Morning Edition on National Public Radio first informed me that the two Hussein brothers, sons of Iraqi leader Saddam Hussein, had been found and killed, that the U.S. military was coping with Iraqi skepticism, and that pictures were being taken of their grisly remains to prove they had been killed. Almost as soon as pictorial proof was given to the media, there were storms of protest. Apparently, in Iraq-as in other societies-it is taboo, sacrilegious, and the worst ethic to show a corpse, especially a mangled one.

First ethical dilemma: Should the corpses have been shown, violating Iraqi (and Islamic) cultural propriety, or should the images have been withheld and, consequently, an important military accomplishment not be believed.

Perhaps it would salve this ethical wound to doctor the bodies so they didn't look quite so gruesome. So, the military shaved and groomed the bodies, added make-up and took pictures of the retouched "reality." Still, they were corpses. But would such changes make them more palatable for media consumers in other parts of the world?

Curious about the ethics of the whole situation, I looked at Web news sites and saw an array of photos of the dead brothers. It wasn't pretty.

That evening I first watched the local news on TV, with a segment on national and international news headlines. My local anchors told me about the story of the Hussein brothers, but informed me that they had decided not to show the grisly photos of the bodies. I stayed tuned. NBC Nightly News was next, and in the course of the next few minutes I got a fuller version of the story, together with up-close photos (presumably after the cosmetic workover). I was warned that the pictures might be offensive to some viewers, and I could look away if I so chose. (Yeah, sure! Such an advisory warning is like telling a child not to take one of those freshly baked, hot chocolate chip cookies!) I peeked. How disappointing! It wasn't nearly as gruesome as the violent scenes in many PG-13 movies.

Meanwhile, print media handled this problem with compromises-occasionally. Photos showed the bodies from an angle and distance so that gruesome features were not revealed.

Second ethical dilemma: Show the photos of the bodies on television, or withhold showing them in order to avoid violating the sensitivity of viewers who may be disgusted by such a sight.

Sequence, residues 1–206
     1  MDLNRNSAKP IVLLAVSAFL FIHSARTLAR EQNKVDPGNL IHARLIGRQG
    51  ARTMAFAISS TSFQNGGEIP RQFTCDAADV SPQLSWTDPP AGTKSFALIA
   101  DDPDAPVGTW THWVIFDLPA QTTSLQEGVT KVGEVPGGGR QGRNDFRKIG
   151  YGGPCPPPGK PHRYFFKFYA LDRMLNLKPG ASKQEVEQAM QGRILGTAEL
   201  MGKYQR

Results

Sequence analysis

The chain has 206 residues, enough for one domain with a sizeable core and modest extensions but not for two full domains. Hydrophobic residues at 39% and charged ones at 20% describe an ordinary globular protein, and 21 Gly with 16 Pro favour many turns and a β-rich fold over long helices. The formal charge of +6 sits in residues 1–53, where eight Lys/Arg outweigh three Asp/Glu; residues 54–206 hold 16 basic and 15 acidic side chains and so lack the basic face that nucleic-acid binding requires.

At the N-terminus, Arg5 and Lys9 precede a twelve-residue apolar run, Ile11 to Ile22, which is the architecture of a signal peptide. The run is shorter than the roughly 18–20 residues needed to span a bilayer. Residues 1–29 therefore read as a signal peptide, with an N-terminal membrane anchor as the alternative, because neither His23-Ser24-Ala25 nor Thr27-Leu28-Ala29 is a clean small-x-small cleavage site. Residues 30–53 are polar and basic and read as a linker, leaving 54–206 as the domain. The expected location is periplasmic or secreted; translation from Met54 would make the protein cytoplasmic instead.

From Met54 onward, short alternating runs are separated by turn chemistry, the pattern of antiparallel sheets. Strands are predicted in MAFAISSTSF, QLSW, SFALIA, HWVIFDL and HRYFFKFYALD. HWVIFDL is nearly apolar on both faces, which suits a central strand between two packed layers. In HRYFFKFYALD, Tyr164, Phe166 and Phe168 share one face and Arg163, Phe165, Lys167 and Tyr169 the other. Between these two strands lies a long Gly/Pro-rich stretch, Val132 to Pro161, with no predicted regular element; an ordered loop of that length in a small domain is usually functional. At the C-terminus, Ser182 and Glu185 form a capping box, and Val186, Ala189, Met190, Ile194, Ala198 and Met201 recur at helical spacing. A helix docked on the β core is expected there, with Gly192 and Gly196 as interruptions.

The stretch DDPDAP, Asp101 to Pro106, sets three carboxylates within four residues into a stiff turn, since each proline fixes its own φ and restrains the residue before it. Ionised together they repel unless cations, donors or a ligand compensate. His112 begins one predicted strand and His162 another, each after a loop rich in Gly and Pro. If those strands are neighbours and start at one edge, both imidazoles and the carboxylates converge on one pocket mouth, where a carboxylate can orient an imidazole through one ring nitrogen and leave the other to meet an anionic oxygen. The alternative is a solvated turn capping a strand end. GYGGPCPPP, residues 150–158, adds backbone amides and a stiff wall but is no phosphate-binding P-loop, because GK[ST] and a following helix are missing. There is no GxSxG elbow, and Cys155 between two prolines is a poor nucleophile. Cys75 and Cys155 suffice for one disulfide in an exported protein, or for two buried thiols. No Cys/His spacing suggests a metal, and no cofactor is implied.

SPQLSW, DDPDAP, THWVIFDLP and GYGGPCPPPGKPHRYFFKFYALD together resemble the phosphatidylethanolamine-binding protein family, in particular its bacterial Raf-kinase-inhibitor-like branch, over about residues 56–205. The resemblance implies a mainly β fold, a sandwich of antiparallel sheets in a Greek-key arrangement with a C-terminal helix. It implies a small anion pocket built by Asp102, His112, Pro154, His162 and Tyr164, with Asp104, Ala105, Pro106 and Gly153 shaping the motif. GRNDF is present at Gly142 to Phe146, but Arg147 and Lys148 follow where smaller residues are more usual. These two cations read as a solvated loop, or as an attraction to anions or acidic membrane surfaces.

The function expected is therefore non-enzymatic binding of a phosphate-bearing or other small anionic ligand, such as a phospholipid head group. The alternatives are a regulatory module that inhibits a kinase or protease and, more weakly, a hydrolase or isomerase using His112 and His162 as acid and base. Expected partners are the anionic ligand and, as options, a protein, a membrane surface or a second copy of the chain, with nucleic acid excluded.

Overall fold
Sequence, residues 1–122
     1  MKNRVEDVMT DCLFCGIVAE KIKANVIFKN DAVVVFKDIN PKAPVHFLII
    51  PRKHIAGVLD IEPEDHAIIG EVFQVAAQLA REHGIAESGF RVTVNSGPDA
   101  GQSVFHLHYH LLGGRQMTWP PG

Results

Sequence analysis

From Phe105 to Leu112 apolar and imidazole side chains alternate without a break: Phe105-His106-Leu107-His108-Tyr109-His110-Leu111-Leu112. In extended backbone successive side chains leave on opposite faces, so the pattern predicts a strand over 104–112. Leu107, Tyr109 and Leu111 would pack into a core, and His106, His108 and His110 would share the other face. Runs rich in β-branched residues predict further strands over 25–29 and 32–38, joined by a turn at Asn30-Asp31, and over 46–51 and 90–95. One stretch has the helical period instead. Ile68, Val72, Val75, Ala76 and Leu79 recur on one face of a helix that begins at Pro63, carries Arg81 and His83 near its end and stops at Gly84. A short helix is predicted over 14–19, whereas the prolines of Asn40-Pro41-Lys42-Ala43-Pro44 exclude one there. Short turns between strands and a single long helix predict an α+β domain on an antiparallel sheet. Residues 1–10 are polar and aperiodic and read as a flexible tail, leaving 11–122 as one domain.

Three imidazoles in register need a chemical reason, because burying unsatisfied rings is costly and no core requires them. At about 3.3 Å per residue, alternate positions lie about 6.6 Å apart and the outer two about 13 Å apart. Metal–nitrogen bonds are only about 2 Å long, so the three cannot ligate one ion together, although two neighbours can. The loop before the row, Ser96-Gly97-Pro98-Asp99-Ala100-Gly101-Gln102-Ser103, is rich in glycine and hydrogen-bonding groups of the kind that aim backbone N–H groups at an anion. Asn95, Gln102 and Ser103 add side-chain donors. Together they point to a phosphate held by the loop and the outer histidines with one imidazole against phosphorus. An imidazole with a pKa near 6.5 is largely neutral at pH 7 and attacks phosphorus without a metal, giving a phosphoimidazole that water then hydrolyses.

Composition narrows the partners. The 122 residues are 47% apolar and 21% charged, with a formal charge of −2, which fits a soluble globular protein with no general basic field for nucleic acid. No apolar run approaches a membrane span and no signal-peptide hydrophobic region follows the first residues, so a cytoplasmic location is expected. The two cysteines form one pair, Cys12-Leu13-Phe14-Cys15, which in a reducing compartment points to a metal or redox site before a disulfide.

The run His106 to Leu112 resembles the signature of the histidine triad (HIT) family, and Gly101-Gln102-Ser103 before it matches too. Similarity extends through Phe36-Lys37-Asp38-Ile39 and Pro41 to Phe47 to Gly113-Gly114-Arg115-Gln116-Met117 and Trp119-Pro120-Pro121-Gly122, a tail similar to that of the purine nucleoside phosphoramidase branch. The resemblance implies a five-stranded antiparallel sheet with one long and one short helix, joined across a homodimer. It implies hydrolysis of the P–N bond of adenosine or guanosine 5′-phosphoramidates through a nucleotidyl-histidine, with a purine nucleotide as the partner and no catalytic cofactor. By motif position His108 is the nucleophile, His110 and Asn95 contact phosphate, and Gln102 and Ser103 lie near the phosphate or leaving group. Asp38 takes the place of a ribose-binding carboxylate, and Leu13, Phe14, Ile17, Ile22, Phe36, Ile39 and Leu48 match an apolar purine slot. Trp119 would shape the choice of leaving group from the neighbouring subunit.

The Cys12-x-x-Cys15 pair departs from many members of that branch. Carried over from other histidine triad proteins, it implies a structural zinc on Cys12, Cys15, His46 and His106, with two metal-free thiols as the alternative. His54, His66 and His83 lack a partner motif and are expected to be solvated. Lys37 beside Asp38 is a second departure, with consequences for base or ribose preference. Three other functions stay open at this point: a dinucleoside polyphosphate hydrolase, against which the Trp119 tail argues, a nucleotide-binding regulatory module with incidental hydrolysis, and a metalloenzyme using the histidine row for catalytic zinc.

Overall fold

Many case studies have found that media consumers often are queasy about an up-close photo of a dead body. I understand such uneasiness. I also noticed pretty vivid written descriptions of the same thing, and they didn't seem nearly as offensive. Then I began to think about the difference. Why is it that the best, most vivid written description of an unpleasant sight is allowable in the media, but a photo of that very subject is ethically questionable? Images, it seems, go directly to the senses. No time for conceptualization and processing in the ol' gray matter. It's right there! Wham! And often the image burns in the mind's eye and "sticks" like one on an improperly adjusted vidicon tube.

For quite some time many news media have sought to avoid close-up photos of dead bodies. Those who stepped over that line were seen as less ethical. The SPJ Code indicates, for instance, that ethical journalists should "show good taste. Avoid pandering to lurid curiosity" and "be sensitive when seeking or using interviews or photographs of those affected by tragedy or grief." Various media organizations have policies on just how to handle such images. But then war comes, and nearly all of the images seem obscene or unethical or in violation of sensitivity limitations expected in peacetime. Is war, then, an exception? Or such an unpleasantry that sensitivity or civility doesn't matter?

And what of terrorist incidents worldwide? Are they part of today's "war?" Remember the telephoto shots of victims trapped in the World Trade Center on 9/11? Or, worse yet, video of people jumping from the upper floors of those buildings that day?